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Re: MySQL 5.1.31 -- Same query scans widely different # of rows
Posted by: Jørgen Løland
Date: April 11, 2011 01:23AM

Not entirely sure I answer the question, but I'll give it a try.

Conditions on different tables
Table t1: k1, nk1, nk2
Table t2: k2, nk3

where k* are indexed columns and nk* are non-indexed.

SELECT t1.* 
FROM t1 join t2 on nk2=k3

Assume join order t1,t2

* With conditions on k1 only, MySQL is able to filter rows by looking at the k1 index alone. All rows read from t1 qualify to be in the result set (if there is a join match in t2).
* With conditions on k1 and nk1: The index cannot be used to evaluate the condition on nk1, so some of the records read from t1 may be discarded even before looking for join matches in t2. This is more expensive than filtering in the index because non-qualifying rows are read from the table.
* With conditions on k1 and nk3: Only qualifying rows from t1 are read from the table. Matching rows are looked up in the index of k3 and the matching rows are read from t2 and joined with the row from t1. The condition on nk3 is not evaluated until this point. This is more expensive than the condition nk1 because even if the nk3 condition is false for a certain row, MySQL has to find the matching row in the k2 index and then read the row from t2.

Hence, when two conditions are equally selective, evaluating the condition early in the join order is cheaper than evaluating it later. Also, evaluating a condition in an index is cheaper than evaluating it on the row.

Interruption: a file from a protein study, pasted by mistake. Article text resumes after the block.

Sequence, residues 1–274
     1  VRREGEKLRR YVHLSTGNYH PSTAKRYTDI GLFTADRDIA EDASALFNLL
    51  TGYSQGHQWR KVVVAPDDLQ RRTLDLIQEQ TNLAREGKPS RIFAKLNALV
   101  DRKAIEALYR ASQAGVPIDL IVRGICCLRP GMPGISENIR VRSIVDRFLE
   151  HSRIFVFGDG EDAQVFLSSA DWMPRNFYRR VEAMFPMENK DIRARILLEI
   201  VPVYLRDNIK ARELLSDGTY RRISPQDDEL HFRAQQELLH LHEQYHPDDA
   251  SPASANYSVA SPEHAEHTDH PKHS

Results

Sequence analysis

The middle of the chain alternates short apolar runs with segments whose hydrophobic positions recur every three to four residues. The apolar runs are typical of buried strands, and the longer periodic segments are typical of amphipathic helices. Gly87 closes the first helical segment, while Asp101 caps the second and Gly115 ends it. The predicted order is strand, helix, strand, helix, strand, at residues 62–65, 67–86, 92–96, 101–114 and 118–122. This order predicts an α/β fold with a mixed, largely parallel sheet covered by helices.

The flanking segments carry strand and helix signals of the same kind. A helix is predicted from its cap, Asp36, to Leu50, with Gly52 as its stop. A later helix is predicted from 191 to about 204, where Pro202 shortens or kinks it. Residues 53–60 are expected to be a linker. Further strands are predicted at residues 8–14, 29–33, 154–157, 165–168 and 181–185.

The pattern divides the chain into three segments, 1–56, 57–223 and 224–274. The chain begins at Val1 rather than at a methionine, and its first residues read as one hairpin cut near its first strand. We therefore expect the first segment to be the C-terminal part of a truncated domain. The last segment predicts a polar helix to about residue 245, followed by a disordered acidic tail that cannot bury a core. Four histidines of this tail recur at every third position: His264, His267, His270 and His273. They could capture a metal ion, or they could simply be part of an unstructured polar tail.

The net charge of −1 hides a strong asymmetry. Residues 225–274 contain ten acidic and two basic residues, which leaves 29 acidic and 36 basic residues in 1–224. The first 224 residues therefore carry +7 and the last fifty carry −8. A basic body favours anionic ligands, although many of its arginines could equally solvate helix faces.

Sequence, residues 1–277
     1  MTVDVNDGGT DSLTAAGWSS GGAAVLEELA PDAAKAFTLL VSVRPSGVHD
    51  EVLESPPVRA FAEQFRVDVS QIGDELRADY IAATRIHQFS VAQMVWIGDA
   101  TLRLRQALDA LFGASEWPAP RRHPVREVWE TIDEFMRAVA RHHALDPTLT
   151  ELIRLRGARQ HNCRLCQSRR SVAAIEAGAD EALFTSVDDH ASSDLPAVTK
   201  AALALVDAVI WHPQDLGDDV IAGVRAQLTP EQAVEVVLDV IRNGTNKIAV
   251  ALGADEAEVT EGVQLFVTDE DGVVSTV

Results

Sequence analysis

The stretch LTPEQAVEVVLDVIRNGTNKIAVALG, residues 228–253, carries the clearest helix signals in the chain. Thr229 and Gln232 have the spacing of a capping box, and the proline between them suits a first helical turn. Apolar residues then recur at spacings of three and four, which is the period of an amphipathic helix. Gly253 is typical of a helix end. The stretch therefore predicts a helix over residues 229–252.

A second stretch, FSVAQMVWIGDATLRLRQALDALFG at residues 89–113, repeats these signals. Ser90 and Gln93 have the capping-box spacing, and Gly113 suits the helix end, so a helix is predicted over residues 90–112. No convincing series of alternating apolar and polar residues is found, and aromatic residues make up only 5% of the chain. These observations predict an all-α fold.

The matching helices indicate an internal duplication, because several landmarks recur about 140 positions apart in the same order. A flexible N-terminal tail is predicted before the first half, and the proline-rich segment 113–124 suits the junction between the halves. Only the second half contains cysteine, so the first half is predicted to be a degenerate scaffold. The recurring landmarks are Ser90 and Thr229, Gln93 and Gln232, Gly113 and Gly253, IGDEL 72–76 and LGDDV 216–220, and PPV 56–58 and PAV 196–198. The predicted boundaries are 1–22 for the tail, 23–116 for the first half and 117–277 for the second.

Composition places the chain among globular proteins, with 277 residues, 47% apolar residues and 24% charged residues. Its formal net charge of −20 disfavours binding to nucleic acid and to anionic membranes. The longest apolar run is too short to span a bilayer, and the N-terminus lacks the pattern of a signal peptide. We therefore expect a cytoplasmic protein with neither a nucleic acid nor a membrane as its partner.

There are three ways MySQL can provide ordering:
1) Order is performed on columns in the first table in the join order. Two possibilities:
1.1) The index used to access the table provides the ordering. Ordering is "free" in this case. With LIMIT, MySQL can stop as soon as <limit> number of joined rows have been returned.
1.2) Otherwise, the first table can be sorted before joining. With LIMIT, MySQL can stop processing as soon as <limit> number of rows have been returned, but the entire first table has already been read to be able to do the sorting (so this is more expensive than 1.1)
2) Order is performed on columns from tables later in the join order. In this case ordering is done after performing the entire join. Depending on join matches and conditions, there may be fewer or more rows to sort than with strategy 1.2. LIMIT will not reduce the cost of this query significantly because all condition evaluation, row retrieval and joining as been done anyway.

Hope this helps,
Jørgen Løland
Software Engineer, MySQL, Oracle

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